Wrosch expressed similar views, saying that a community college such as Triton is “a great local resource and community partner.” Wrosch and other local firefighters share their expertise with Triton. “We go to EMS [emergency medical services] advisory meetings at least twice a year,” Wrosch said, adding that fire department staff also serve as assistant proctors for the state fire marshal test.

IMG_1060Melrose Park Assistant Fire Chief James Wrosch attends Emergency Medical Services advisory meetings at Triton College and serves as an assistant proctor for the state fire marshal test. The Melrose Park Fire Department received a $12,433 grant for new equipment from the Firehouse Subs Foundation.

There’s always a demand for well-educated, well-rounded people in the fire service, and with Triton’s educational programs, various towns are receiving them,” Carling said. Carling emphasized that skills learned at Triton, where he earned an associate’s degree, stayed with him as he continued his education at Southern Illinois University. “Triton helped me get to that next level…It gave me a great educational foundation to go on and receive my bachelor’s degree,” Carling said.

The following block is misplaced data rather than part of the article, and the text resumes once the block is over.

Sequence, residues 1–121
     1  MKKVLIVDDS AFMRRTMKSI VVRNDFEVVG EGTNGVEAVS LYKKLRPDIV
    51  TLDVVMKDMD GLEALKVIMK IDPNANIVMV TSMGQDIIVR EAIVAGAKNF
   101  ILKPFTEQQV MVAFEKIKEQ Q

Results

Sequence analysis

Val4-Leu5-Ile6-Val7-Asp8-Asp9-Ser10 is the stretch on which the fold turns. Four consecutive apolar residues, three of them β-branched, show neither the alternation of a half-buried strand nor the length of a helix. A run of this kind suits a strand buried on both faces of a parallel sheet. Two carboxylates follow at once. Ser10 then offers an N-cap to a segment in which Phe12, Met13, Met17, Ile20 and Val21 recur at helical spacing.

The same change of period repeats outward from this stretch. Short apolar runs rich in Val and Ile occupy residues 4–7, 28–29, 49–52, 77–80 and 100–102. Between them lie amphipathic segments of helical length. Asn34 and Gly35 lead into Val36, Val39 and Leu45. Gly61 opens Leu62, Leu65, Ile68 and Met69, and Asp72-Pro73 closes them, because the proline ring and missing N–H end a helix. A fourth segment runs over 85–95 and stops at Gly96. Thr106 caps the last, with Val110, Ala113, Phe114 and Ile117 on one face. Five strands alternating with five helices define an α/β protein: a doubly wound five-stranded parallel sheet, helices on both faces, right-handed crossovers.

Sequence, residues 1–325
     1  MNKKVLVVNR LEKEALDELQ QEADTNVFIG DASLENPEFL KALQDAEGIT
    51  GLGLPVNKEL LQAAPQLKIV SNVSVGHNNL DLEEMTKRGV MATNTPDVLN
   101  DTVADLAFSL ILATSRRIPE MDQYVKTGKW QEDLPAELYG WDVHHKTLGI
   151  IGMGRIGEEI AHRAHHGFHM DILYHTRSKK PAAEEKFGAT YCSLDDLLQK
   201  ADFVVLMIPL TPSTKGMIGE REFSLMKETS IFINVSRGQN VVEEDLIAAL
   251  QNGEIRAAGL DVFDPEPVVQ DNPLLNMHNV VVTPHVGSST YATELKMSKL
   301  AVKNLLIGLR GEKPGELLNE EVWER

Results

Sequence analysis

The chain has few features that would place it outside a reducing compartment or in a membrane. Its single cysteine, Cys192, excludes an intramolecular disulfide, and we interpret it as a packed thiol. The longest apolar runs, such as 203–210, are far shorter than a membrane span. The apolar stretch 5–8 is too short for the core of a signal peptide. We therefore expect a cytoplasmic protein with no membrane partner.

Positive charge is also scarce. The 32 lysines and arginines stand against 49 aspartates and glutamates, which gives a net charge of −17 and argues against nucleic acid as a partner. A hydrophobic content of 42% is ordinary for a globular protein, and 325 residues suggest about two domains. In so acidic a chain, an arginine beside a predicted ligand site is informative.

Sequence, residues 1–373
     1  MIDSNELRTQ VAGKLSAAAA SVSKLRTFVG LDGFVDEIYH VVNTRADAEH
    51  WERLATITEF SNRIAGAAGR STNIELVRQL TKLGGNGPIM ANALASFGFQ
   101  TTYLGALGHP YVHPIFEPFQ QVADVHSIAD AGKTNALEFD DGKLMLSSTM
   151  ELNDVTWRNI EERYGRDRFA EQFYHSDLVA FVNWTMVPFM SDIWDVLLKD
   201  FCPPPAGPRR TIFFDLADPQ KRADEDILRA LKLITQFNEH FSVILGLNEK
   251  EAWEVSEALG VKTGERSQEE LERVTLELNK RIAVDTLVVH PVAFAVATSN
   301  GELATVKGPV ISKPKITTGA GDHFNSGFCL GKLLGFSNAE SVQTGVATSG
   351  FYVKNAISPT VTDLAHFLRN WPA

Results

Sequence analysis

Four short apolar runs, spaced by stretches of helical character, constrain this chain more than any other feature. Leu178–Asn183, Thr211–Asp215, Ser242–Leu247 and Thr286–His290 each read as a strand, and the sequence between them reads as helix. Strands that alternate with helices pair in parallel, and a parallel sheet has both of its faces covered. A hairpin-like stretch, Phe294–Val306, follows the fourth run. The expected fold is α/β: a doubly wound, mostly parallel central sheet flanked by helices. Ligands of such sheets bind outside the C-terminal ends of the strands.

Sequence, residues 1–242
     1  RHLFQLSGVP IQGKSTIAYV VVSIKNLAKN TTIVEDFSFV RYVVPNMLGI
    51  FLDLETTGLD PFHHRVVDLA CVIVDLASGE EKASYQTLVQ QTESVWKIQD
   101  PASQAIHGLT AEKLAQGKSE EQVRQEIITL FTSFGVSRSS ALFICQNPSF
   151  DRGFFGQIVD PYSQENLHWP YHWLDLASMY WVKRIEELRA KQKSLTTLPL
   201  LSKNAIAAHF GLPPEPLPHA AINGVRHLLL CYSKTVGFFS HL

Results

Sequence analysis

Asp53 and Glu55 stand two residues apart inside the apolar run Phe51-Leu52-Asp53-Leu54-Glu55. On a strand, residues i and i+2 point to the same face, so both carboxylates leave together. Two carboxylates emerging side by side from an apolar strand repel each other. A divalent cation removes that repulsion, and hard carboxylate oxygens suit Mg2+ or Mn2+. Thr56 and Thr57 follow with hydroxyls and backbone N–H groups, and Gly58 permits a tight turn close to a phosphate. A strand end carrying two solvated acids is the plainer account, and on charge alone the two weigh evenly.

Each grant recipient community is part of Triton’s district. “It’s always good to represent the towns in Triton’s district,” Carling said. As a longtime Hillside resident, “I grew up in the town that I serve and protect now.”

Diners can be part of Firehouse Subs funding through buying a used pickle jar or rounding up change for a meal. The restaurant will feature specials during October—National Fire Safety Month. For details, visit



“Overall, good jobs for workers with some college grew by 11 percent, while good jobs for those with associate degrees increased by a whopping 83 percent.”

Screen Shot 2017-08-10 at 9.13.22 AMCertificate and degree completion, in addition to transfer are among the major components of student success as defined at Triton and other peer institutions. In a recent research report from Georgetown University’s Center on Education and the Workforce, the study found, “Overall, good jobs for workers with some college grew by 11 percent, while good jobs for those with associate degrees increased by a whopping 83 percent.”  So, as the fall semester quickly approaches, we must continue to increase our support of students in achieving their goals.  The article with reference to the research report is linked.  here​  President’s Corner, August 10, 2017.